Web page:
Computer Engineering Laboratory
The Computer Engineering Lab at the University of Michigan is the top US institution for total publications in top-tier architecture, circuit, and computer-aided design conferences (ISCA, MICRO, ISSCC, VLSI, DAC, DATE)
Welcome to the CE Lab
The Computer Engineering Lab at the University of Michigan is comprised of a multidisciplinary group of faculty and graduate students who conduct research related to hardware design, computer architecture, computer-aided design, and embedded systems.
Meet the people who make up the CE Lab >
Prospective graduate students
Lab members explore theoretical, experimental and applied aspects of computer design, spanning a broad range of hardware topics, including embedded systems design, hardware security issues, computer architecture and data centers architecture, computer-aided design, testing and validation. The research breadth also encompasses software layers close to hardware: operating systems and compilers.
Visit our prospective student page on the CSE website >
Energy efficiency in self-driving cars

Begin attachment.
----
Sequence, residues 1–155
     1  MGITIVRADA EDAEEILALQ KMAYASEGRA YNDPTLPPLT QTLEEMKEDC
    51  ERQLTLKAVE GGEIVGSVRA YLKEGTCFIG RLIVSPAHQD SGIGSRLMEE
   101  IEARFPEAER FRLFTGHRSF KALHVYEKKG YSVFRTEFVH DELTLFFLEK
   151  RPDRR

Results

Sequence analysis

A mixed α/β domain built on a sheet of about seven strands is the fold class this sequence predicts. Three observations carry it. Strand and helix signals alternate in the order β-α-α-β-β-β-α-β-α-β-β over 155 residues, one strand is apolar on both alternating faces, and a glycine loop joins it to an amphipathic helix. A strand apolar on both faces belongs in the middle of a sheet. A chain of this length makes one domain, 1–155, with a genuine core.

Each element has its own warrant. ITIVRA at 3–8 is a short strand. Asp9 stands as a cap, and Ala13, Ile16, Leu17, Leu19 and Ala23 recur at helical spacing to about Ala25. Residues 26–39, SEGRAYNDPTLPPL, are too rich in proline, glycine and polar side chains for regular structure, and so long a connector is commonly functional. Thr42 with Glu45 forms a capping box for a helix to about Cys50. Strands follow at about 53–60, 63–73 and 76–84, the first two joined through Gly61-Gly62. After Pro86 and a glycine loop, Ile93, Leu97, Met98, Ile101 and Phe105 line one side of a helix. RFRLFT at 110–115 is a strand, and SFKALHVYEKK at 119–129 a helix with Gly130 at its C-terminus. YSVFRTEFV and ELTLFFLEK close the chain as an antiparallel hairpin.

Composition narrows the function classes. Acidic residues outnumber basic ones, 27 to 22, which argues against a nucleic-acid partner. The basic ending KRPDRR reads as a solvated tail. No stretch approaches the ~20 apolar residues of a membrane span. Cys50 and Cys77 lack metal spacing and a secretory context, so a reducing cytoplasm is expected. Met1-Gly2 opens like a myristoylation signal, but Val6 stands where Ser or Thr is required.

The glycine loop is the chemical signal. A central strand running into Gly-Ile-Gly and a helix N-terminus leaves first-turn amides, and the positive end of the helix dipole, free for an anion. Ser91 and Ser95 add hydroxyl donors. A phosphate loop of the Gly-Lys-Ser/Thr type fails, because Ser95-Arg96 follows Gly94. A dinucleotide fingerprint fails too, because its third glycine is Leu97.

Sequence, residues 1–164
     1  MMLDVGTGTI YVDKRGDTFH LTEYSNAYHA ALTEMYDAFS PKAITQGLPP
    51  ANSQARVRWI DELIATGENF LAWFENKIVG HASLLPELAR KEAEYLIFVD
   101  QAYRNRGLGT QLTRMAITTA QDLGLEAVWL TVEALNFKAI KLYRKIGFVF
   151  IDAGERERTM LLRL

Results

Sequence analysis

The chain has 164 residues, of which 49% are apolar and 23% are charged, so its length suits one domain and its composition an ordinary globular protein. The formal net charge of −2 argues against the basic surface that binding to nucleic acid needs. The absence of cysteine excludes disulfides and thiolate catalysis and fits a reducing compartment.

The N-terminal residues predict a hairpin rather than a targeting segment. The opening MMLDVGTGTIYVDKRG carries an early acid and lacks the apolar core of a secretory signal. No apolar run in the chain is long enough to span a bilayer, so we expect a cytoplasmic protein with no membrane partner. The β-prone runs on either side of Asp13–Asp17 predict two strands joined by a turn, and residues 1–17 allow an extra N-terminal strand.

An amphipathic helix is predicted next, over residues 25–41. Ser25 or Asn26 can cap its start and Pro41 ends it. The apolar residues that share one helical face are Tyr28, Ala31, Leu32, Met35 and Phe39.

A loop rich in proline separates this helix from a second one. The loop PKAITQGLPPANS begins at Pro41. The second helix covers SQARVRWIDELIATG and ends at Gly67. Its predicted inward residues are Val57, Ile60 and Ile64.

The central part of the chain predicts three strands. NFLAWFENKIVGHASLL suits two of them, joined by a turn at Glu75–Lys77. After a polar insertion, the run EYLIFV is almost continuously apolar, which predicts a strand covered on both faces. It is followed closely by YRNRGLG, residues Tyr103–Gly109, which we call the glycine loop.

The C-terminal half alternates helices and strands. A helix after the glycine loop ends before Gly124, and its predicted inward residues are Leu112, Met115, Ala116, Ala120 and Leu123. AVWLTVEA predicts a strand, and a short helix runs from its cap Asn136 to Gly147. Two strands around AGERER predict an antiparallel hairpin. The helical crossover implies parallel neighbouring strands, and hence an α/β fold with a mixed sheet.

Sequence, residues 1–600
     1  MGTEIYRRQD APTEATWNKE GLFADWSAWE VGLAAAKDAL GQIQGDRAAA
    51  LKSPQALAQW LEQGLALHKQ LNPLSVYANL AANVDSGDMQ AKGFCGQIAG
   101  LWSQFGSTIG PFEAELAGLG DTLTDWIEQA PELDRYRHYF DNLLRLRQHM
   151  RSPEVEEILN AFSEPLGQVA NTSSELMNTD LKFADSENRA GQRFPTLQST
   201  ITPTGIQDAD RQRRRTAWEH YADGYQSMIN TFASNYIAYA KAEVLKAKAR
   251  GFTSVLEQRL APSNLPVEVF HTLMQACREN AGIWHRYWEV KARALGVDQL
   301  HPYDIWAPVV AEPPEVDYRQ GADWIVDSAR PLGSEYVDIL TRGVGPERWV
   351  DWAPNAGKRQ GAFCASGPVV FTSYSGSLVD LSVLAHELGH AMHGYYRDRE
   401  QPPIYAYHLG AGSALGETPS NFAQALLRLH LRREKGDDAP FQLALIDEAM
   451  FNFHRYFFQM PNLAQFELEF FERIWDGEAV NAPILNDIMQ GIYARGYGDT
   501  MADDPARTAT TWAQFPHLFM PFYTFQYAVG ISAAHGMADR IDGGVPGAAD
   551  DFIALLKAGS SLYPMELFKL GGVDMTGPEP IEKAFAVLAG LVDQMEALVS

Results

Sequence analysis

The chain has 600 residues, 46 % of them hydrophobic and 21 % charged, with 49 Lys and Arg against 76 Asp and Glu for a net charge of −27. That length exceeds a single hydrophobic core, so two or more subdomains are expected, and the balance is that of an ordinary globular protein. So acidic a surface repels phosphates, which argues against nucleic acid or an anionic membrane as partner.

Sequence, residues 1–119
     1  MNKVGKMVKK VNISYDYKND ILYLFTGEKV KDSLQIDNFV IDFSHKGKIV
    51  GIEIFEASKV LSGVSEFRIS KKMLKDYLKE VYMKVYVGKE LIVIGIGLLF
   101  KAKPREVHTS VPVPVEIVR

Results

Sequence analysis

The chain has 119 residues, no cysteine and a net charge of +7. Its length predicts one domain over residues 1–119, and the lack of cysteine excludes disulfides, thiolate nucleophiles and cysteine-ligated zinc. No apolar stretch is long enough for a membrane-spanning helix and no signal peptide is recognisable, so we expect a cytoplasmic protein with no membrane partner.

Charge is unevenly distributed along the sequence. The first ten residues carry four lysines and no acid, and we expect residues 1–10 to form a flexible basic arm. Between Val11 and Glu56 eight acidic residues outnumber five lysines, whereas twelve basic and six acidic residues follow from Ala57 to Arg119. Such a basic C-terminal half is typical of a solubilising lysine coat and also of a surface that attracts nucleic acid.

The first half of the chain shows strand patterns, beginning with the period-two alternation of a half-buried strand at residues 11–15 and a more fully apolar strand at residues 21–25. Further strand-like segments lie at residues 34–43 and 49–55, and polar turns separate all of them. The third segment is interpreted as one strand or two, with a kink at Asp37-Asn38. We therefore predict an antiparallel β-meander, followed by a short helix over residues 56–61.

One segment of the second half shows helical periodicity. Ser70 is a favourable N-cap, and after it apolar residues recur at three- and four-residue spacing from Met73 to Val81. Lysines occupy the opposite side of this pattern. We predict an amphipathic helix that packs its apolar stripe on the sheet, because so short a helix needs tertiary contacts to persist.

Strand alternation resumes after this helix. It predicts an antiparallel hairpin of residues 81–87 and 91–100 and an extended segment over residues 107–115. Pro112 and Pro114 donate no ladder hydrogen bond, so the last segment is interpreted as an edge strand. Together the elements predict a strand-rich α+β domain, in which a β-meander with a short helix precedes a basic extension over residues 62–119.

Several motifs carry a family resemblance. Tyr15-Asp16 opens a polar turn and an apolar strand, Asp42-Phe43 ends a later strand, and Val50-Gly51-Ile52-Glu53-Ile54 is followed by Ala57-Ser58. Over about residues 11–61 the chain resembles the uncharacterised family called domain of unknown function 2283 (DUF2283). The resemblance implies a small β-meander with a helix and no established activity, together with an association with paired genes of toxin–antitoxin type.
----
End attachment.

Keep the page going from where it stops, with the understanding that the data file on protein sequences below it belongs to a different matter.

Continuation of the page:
PhD student Vidushi Goyal is working with Prof. Reetuparna Das to make electronics more energy efficient in personal devices and in autonomous vehicles.
Sonic Cyber Attacks on MEMS Accelerometers
PhD student Timothy Trippel is working with Prof. Kevin Fu to demonstrate how specially crafted sounds can be used to launch acoustic injection attacks against the sensors in many IoT devices.
Remote attack on temperature sensors threatens safety in incubators and industry
The researchers demonstrated that an adversary could remotely manipulate the temperature sensor measurements without tampering with the targeted system or triggering automatic temperature…
New attack on autonomous vehicle sensors creates fake obstacles
Up to this point, no attacks had been discovered targeting a car’s LiDAR system—but a major new finding from researchers at the University of Michigan has demonstrated what that might…
Creating more efficient data centers for AI
Tang’s project will redesign data center systems to support large-scale use of hardware accelerators to meet future computational demand.